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I'm getting different values for i by calling add function differently. Could someone explain what's happening here?

var i = 0;
var add = function() {
    ++i;
    return function() {
        i++;
        return function() {
            i++;
            add();
        }
    }
 };
add(); // i = 1;
add()(); // i = 2;        
add()()(); // i = 4;

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closed as too localized by Cerbrus, Ja͢ck, apsillers, AlphaMale, cHao Dec 21 '12 at 15:51

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1  
Could you explain what you're trying to do? –  Ja͢ck Dec 21 '12 at 14:54
    
It's a trick question –  JS-coder Dec 21 '12 at 15:04
    
In my test, add() returns function () { i++; return function() { i++; add(); } } instead of 1. –  coderLMN Dec 21 '12 at 15:07
    
@JinzhaoWu: It's not about the return values. It's about the value of i afterwards. –  cHao Dec 21 '12 at 16:01
    
@cHao I got it. Thanks. –  coderLMN Dec 21 '12 at 16:03

5 Answers 5

up vote 4 down vote accepted

The function add returns a function. And this function returns another function.

So :

add(); // Executes add, which returns a function.
add()(); // Execute the function returned by add.
add()()(); // Execute the function returned by the function returned by add

Each function just adds 1 to the i value. That explains the i value.

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Thank you for quick response. Makes sense now. –  JS-coder Dec 21 '12 at 15:00

Your add function returns a function. So when you call this:

add();

what happens is the code (++i) executes and a function is returned. You don't do anything with that function, but you can. You can execute it:

add()();

This would run ++i, return a function, run that function (which runs i++) and return another function (since that inner function also returns a function.

And so on. Your functions are returning other functions, so any time you append another () to the call what you're doing is executing the function that's being returned.

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You are returning a function in add

By calling only

add()

The function is executed and i is increased by one // 1

When you call

add()()

The function that is returned by add gets executed too, and therefore increasing i by 2 // 2

add()()()

Invokes the funciton add returned, and the function the returned function returns, which also calls add in it, therefore increasing i by 4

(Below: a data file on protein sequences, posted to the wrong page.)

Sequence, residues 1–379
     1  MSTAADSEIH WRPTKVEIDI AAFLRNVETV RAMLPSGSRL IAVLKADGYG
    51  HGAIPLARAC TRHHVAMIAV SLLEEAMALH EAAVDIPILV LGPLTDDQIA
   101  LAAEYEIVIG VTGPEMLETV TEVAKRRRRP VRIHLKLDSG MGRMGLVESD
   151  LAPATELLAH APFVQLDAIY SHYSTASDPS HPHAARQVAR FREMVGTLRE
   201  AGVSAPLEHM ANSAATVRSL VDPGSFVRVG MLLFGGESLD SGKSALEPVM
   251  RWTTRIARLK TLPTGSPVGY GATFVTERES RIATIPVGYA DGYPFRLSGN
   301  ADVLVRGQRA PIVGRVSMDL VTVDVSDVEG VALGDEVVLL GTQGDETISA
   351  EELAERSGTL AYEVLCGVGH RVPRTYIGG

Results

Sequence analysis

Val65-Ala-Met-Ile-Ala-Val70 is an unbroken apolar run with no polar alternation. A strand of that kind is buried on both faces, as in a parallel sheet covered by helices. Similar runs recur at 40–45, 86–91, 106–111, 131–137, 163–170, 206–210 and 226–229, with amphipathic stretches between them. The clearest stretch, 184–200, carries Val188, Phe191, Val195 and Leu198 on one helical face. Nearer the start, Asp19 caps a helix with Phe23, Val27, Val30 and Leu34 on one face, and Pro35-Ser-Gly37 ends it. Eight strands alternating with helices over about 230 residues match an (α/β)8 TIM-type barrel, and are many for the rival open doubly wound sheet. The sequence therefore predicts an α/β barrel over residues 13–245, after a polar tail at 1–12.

But i thinl the code you are posted is slightly incorrect, the values should be

add() //i = 1
add()() // i = 3
add()()() //i = 7
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Only the two-arg version seems to do an extra increment (by calling add()). So at first glance, 1, 2, 4 looks like the right return values. Why would they be otherwise? ("Your code is incorrect, but it's returning the values you expect" isn't selling me here.) –  cHao Dec 21 '12 at 15:54
    
i doesn't get resetted after the add is called -> i = 0 , + 1 = 1, +2 = 3, + 4 = 7; I didn't actually test it, but I don't see an i = 0 anywhere after the first call or in a function in the code –  C5H8NNaO4 Dec 21 '12 at 16:08
    
Oooo. Good catch. –  cHao Dec 21 '12 at 16:16

Inside add() a new function is returned.

So calling add()() will execute add() first. After that the function returned by add() will be executed

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In javascript "()" is function invocation operator. So every time you call "()", it will try to invoke the function before this operator. In your case, a function is assigned to add. Let me assign each function a name so it will be very easy to understand.

var i = 0;
var add = function one() {
++i;
return function two() {
    i++;
    return function three() {
            i++;
            add();
        }
    }
};

// This will execute function one 
// and return function two.
add();   

// This will execute function one and two, 
// return function three
add()(); 

// This will execute function one, two, three,
// return function two. Why?
// Because in function three, we call add() which will execute
// function one and return function two as I mentioned above.
add()()();

Now let's see if you really understand function invocation.

var i = 0;
var add = function one() {
i++;
return function two() {
    i++;
    return function three() {
            i++;
        }
    }()
};

I delete the function add() inside function three in order to avoid infinity loop, and add "()" after function two. So what if we call add() now?

// This will execute function one and return function two, 
// function two will invoke itself because of "()" at the end 
// I added and return function three. So call add() will 
// execute function one and function two, return function three.
// So i = 2 in this case.
add();

You can play around these function invocation all day long until you are confident with it.

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